1
vote
1answer
118 views

What happens to atoms in extremely strong electromagnetic fields?

I know that strong gravitational fields on the order of neutron stars (at the crust) atoms get compressed so tightly, the empty space between them is significantly reduced and it becomes denser. ...
1
vote
2answers
198 views

Starting a nuclear reaction

In Chemistry, an amount of energy has to be supplied for a reaction to occur. This energy, known as the "activation energy", breaks up the bonds between molecues in the substance. It is equivalent to ...
2
votes
1answer
78 views

Alice sends random states in a channel, what Bob receives?

Suppose Alice prepares $\rho_x$ with probabilities $p_x$ and sends it to Bob. I would say this is the same thing as "Alice prepares $\rho = \sum_x p_x \rho_x$ and sends it to Bob", but Preskill's ...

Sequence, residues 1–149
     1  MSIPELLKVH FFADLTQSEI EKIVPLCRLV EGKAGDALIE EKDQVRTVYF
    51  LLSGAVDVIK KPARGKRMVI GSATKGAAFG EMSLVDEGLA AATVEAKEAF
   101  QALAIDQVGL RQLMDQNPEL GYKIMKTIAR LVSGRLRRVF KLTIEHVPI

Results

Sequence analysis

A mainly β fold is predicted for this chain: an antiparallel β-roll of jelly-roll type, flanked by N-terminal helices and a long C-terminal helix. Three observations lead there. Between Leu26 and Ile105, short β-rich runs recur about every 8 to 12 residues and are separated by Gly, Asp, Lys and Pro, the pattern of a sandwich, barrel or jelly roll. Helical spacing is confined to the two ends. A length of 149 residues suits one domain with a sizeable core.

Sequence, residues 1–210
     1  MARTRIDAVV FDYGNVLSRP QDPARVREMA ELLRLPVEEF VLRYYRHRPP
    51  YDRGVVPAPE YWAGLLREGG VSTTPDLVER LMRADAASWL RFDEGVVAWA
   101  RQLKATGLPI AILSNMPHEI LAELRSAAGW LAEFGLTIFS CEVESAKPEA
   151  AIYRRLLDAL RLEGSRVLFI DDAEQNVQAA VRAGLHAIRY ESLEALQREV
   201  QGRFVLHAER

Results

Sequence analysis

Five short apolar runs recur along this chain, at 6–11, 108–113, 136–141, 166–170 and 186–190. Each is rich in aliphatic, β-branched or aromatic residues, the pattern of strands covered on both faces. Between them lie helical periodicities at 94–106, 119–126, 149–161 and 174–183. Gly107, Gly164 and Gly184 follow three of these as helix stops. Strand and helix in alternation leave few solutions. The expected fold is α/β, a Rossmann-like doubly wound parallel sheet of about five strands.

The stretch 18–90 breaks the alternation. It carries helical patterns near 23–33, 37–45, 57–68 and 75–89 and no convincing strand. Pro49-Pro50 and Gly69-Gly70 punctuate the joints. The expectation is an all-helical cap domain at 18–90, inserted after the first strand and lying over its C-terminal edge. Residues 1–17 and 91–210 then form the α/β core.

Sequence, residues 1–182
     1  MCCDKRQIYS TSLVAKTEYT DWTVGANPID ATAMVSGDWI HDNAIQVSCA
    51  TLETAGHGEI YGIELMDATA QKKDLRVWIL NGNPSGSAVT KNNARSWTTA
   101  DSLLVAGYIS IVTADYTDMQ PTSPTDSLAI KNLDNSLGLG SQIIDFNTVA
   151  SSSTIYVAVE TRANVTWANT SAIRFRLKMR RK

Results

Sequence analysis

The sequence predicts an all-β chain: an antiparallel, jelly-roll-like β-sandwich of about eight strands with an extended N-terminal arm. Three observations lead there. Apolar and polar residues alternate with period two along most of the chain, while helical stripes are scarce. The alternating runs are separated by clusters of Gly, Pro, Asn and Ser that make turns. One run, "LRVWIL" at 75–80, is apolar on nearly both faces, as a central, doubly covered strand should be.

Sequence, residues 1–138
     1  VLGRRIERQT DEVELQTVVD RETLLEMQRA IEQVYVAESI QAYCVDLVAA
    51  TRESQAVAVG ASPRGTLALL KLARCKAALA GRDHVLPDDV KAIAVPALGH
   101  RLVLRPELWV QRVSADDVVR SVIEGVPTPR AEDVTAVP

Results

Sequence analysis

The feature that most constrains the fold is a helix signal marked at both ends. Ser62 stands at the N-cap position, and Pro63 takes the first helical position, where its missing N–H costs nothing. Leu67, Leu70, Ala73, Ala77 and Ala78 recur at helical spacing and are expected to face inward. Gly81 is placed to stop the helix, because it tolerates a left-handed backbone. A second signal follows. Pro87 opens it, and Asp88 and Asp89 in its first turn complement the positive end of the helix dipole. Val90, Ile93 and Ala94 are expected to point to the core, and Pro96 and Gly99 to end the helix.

0
votes
1answer
402 views

Wormholes with event horizons?

Under General Relativity, Lorentzian wormholes (the kind that are traversable) require exotic matter (a kind of unobtainium which is not known to exist). On the other hand, we know black holes exists ...
4
votes
1answer
264 views

Could the Earth be ejected when the sun burns out?

My younger brother came home from school today and told us at the dinner table that when the sun burns out the Earth could be ejected from its orbit. Skeptical, I asked his source. He quoted his ...
0
votes
0answers
115 views

Does causality alone resolve the mathematical ambiguity of expressing physical systems?